New Smithsonian museum director see her task as making democracy relevant
In February 2019, Anthea M. Hartig became the Elizabeth MacMillan Director of the Smithsonian Institution’s National Museum of American History in Washington, DC. A third-generation Californian, Hartig previously was executive director and CEO of the California Historical Society in San Francisco. She holds a Ph.D. in public history from the University of California, Riverside.
Why does the National Museum of American History matter? We help people understand the promise, the power, and the fragility of the American experiment. Our greatest task is to make democracy relevant to the three to four million people who come here every year and the eight or so million we reach online. I tell my staff we’re the temporary stewards of some of the most important material objects that tell the story of the United States.
What’s your background? I have been lucky to become a public historian—learning conservation management, archival management, oral history, interpretive public art. Those tools coalesced in my two most recent positions, as Western regional director for the National Trust for Historic Preservation, and with the California Historical Society, both based in San Francisco. At the Historical Society, I had a remarkable opportunity to reestablish the organization’s museum component and to begin to digitize the collection. We partnered with the State of California to create a “Teaching California” history curriculum and with the city of San Francisco to restore the 1874 Old U.S. Mint to serve as the society’s home and as a hub for community-based history activities. After we got to drive around in 1930s cars in conjunction with an exhibit on the 75th anniversary of the Golden Gate Bridge’s opening, my sons told me, “Mom, you’ve got the best job ever!” When the Smithsonian called, I realized what an opportunity the National Museum of American History would be.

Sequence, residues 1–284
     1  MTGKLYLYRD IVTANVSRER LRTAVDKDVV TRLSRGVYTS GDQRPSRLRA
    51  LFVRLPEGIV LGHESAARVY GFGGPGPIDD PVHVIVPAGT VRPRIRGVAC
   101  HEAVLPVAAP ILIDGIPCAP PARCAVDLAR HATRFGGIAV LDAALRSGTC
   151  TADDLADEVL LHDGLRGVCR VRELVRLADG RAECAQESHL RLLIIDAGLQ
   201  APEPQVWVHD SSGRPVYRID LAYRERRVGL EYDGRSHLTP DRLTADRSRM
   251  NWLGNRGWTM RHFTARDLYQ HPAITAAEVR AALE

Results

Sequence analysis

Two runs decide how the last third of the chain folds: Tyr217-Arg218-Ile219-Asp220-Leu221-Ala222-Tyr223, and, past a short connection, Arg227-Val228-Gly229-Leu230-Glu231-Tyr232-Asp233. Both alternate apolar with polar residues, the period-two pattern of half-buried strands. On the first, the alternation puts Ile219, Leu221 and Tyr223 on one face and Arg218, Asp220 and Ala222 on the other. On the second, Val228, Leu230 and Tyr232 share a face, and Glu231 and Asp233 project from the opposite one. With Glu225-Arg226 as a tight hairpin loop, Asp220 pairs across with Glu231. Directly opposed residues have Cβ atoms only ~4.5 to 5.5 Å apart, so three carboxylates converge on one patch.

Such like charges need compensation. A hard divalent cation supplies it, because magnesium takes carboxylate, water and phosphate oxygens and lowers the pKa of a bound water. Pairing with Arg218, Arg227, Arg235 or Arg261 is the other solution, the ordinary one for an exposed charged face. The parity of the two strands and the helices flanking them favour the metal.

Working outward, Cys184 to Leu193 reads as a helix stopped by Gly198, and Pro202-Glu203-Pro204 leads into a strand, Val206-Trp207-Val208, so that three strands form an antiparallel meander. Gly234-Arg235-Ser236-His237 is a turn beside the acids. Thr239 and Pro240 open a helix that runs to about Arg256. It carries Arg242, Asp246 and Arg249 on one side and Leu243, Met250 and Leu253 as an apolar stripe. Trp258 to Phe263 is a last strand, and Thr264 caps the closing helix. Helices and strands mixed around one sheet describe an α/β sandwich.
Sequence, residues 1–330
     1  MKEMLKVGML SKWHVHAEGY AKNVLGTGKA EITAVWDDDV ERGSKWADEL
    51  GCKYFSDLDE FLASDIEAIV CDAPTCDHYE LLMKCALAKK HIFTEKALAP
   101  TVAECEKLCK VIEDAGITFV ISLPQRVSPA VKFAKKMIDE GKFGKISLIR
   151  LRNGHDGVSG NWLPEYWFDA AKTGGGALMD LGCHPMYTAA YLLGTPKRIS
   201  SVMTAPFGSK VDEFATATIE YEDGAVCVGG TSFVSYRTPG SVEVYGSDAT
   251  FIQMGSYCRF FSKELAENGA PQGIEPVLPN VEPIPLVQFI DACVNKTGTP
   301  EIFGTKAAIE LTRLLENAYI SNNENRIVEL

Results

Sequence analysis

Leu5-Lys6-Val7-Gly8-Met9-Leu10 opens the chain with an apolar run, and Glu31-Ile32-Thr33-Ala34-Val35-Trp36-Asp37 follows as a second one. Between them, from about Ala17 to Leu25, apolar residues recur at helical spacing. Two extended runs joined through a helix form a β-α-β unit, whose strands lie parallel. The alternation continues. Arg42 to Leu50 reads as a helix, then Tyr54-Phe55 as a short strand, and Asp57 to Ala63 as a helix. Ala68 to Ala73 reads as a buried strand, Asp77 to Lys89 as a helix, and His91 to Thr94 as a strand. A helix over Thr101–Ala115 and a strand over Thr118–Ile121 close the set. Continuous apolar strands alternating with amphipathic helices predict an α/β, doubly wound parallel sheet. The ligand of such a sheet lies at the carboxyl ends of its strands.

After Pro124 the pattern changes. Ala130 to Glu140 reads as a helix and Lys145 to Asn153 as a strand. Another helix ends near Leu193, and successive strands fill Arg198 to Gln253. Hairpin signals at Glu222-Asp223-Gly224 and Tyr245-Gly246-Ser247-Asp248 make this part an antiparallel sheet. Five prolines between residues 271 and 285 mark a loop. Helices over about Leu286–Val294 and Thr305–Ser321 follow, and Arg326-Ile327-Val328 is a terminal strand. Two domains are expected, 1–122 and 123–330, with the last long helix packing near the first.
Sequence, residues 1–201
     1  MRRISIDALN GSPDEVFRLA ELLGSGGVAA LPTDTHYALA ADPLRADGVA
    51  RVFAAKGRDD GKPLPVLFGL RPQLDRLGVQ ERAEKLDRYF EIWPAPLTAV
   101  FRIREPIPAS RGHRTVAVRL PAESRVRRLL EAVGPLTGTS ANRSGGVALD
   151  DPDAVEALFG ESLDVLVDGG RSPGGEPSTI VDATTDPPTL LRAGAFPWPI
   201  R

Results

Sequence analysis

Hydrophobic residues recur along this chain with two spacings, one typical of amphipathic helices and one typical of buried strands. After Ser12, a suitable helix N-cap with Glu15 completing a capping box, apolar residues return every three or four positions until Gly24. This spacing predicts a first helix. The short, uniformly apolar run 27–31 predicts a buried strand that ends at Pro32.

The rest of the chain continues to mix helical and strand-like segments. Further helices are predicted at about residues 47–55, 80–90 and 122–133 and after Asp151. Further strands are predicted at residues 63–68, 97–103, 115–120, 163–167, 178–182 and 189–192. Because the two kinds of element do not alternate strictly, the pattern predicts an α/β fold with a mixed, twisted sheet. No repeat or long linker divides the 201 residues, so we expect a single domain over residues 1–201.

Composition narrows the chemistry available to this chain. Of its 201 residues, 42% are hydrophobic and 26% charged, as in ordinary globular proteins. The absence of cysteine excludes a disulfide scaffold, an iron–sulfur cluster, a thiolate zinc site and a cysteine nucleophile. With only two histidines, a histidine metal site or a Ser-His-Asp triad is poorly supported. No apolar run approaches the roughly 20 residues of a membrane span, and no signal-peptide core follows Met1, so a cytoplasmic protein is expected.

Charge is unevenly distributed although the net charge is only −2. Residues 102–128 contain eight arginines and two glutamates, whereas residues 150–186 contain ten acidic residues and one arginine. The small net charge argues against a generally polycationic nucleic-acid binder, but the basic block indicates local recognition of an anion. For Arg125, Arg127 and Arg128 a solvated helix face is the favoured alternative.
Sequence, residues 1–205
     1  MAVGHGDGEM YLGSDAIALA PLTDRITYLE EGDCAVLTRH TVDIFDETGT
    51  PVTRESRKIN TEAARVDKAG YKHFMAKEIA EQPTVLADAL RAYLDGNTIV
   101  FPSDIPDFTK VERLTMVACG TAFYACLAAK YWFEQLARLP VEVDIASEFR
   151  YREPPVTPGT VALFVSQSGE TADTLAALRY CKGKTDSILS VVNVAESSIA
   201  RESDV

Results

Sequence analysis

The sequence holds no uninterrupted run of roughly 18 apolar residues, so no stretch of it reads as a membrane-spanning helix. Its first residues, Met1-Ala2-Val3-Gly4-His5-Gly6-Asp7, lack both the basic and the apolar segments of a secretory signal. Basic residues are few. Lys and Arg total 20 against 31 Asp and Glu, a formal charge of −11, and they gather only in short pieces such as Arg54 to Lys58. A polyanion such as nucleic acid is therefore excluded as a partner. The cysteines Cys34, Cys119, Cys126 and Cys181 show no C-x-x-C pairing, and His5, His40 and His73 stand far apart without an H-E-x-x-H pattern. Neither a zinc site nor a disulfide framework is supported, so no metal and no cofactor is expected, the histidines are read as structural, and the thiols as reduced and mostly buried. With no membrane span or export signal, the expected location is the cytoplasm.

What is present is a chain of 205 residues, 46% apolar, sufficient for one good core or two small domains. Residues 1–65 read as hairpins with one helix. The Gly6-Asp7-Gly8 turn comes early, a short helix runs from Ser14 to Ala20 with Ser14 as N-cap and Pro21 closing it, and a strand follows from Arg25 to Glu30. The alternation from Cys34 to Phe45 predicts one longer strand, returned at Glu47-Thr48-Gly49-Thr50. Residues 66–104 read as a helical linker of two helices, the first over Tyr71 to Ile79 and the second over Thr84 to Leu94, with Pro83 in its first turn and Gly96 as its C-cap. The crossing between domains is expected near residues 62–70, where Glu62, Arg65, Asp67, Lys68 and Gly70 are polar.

How will your preservation expertise inform your work? As an architectural historian, I am sensitive to complexities involved in preserving and re-enlivening the museum. My experience in cultural heritage provides me with a deep and layered understanding of the nature of our past as well as to the mid-century modernism of the museum’s physical building.
What exhibits evoke big responses? On our second floor, several exhibitions and spaces address the theme of “The Nation We Build Together.” In our “Many Voices, One Nation” exhibition, visitors find it compelling and very meaningful to follow the 500-year journey of how we became us, the United States. We see that it is a journey involving those who were here, those who came here, and those who were forcibly brought here. Throughout the exhibition, the symbol of Lady Liberty recurs, especially in the sculpture made by the Coalition of Immokalee Workers for a 2000 march for fair wages. The sculpture represents more than liberty. On her pedestal is a simple, powerful message from poet Langston Hughes: “I too, am America!”